The wool market fell by a whopping 163 cents per kilogram, ending this week with 1,513 cents per kilogram, prompting the industry leader to call for a halt to trade.
It was the biggest weekly drop in the market in more than a decade.
Australian Wool Innovation chief executive Stuart McCullo said the fall in the Eastern Market indicator this week is shocking, with EMI already 603 cents below the same period last year.
"If the stock market goes down, they will close the market," Mr McCullough said.
"There needs to be some mechanism or some urgent strategy to put in place to sell the wool when there is such a situation. It's probably worth considering."
Slump unprecedented but not market crash
Within the industry, it is rumored that the Australian wool market has collapsed due to the trade war in China and the US, exacerbated by weak demand for Chinese mills.
Australian WSE chief executive Mark Grave acknowledged that these factors were affecting the market but denied the wool market was collapsing.
"The market is volatile at times and is certainly hesitant," Mr Grave said.
"So outside of a catastrophic event, this is the market, and manufacturers exercise their right to either go wave or pull a wave from a sale."
Mr Grave said stopping the wool trade would have to be a solution for the entire industry.
"There will always be someone who wants to sell and someone who doesn't have to sell, so you have to keep that in mind before making any decisions. It would be an important decision to close any market."
Keep a perspective on wave losses
Chris Wilcox, executive director of the National Council of Wool Selling Brokers, agreed and stated that the wool market in Australia is an unrestricted and free market, with manufacturers able to store and sell their wool at their discretion.
He said market losses are significant but should be kept in perspective.
"We are sitting on the $ 15 per kilo mark for the EMI, which is still relatively high but far from the record highs we saw 12 months ago."
The last time the Eastern Market metric was 1500 cents per kilogram was June 2017.
Of the 37,379 bales offered this week, 35% were auctioned, selling for $ 39.6 million at three shopping centers in Melbourne, Sydney and Fremantle.
Mr Grave expected there would be a reduced offer next week.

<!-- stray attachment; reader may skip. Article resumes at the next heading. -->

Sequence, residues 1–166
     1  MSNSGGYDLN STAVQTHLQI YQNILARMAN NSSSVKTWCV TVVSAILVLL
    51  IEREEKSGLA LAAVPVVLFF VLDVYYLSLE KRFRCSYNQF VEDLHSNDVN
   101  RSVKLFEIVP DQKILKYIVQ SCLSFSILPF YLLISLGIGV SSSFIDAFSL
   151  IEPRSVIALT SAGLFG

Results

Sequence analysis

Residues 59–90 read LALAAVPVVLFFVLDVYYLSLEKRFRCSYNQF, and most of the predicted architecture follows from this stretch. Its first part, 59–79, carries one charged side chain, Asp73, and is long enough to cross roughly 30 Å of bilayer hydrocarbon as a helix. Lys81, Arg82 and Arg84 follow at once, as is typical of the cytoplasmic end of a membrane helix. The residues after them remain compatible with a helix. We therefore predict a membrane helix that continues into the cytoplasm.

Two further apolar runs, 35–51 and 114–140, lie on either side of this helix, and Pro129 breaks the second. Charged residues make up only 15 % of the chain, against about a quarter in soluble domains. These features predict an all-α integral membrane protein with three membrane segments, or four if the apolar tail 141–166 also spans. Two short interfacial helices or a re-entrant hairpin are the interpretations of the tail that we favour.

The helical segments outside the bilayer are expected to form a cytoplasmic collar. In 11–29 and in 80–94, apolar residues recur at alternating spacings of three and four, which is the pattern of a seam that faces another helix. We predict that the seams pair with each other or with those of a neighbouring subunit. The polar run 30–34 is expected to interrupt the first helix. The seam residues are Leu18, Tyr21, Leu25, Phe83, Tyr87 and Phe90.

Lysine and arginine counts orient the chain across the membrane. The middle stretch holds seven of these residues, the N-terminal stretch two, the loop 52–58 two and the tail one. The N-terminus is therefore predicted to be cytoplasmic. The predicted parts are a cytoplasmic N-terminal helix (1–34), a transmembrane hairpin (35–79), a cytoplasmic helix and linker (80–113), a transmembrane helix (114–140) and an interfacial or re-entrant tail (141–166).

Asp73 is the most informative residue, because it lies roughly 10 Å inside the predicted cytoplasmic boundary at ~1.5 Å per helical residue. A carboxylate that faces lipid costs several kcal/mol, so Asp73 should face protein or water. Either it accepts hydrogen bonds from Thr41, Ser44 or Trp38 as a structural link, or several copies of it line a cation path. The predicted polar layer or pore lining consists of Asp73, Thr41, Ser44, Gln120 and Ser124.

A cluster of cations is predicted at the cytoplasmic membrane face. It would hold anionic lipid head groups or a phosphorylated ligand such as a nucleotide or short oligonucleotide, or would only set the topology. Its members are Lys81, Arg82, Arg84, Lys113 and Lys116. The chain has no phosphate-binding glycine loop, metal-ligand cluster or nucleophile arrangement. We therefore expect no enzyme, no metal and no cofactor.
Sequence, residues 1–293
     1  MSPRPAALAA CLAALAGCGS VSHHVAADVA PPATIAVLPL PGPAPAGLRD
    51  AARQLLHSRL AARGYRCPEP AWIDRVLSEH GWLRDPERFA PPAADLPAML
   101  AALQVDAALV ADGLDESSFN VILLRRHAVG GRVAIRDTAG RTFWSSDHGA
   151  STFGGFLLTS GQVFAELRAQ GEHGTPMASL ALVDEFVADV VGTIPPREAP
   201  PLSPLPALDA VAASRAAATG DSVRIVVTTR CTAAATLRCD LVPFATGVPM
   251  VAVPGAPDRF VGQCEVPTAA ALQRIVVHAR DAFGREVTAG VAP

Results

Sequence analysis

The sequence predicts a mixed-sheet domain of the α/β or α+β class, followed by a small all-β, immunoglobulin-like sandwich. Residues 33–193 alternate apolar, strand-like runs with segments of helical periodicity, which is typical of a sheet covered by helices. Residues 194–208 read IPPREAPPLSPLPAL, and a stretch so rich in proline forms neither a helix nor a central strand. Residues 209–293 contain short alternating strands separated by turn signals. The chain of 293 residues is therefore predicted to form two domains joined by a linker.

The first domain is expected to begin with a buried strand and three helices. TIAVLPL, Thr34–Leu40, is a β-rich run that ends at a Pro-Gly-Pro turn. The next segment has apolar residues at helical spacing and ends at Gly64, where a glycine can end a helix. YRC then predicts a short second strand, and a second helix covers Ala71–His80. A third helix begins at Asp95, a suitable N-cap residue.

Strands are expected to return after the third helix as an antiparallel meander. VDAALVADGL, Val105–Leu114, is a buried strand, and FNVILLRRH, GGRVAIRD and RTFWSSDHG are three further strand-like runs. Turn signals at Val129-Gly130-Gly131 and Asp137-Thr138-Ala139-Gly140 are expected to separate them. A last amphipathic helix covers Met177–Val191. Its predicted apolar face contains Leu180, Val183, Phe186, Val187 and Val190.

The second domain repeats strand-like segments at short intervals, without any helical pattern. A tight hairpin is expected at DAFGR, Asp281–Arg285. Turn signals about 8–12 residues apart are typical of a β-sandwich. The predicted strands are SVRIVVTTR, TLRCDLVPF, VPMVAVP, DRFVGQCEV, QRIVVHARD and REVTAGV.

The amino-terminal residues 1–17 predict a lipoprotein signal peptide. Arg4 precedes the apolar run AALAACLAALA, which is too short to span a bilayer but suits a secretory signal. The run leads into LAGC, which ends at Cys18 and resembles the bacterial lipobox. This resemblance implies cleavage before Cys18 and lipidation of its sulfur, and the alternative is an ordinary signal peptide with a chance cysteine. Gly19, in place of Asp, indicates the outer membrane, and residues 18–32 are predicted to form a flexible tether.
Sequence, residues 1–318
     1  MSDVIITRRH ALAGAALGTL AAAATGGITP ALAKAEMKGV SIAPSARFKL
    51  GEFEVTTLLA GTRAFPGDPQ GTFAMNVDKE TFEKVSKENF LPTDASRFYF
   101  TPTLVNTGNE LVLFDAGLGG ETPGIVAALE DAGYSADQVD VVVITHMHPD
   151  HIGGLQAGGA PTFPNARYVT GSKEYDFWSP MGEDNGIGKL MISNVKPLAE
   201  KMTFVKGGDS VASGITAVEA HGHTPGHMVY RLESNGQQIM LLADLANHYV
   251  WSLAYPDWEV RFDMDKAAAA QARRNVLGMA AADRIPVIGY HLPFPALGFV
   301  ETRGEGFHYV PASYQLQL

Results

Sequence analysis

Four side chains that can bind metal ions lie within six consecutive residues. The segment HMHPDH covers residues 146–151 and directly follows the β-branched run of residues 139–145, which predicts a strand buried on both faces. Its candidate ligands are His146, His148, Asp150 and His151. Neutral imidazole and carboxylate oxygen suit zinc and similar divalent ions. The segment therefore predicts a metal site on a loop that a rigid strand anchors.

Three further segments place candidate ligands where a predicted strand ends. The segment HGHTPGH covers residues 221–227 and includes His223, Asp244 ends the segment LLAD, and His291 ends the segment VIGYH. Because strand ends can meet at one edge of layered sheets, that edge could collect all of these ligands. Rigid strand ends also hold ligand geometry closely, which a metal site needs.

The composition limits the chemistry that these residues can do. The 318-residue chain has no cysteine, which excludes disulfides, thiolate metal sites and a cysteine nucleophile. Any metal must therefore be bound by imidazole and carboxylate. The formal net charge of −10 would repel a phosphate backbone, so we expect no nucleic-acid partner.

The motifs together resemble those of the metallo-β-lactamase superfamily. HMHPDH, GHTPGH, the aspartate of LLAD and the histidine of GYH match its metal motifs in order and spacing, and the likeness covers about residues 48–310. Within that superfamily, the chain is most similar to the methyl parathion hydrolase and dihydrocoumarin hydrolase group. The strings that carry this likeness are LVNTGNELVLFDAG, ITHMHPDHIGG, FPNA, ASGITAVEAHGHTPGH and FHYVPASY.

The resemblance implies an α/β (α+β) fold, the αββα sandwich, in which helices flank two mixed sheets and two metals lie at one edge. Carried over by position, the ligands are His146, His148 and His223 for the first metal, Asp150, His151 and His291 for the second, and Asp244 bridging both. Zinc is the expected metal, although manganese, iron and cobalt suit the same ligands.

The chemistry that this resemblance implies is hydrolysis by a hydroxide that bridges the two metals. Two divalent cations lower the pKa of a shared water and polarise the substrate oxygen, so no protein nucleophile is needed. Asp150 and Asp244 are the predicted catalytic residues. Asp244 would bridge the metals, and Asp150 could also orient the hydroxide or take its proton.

"I imagine the market will continue and that manufacturers and traders will all make market-based decisions at that time whether to sell," he said.
Some are happy with the price
Despite the huge dive in the market, some manufacturers were pleased to see their wave sold at auction this week.
Tom Mathews of Grenfell in NSW sold 98 bales of 18-micron fine wave at the Yennora wave auction in Sydney on Wednesday for just 1.5 percent below the average price estimate of 1,100 cents per kilogram.
"On the whole, it's a good day to sell everything because of all the volatility in the market, who knows when it can improve," Mr Mathews said.
"It could be next week or 18 months."
His sheep were torn from June and due to the drought, his wool clip returned 30 percent.
Drought has reduced wave volume to historically low levels
The Australian Wool Forecasting Committee has updated its forecast to show that drought will continue to shrink the national flock.
Farmers continue to destroy during drought and, according to ABS, the percentage of slaughter in sheep and lambs has increased 16 percent since that time last year.
Mr Wilcox said the drought remains a parking brake in key wool growing areas.
"The Forecasting Committee expected short wave production to fall by five percent in 2019/20 across Australia," he said.
"Unfortunately, the biggest drop is in the biggest wave production and it's NSW.
"We predict that widespread drought conditions will lead to an 11% decline in NSW, and this follows from a 21 percent drop in 2018/19."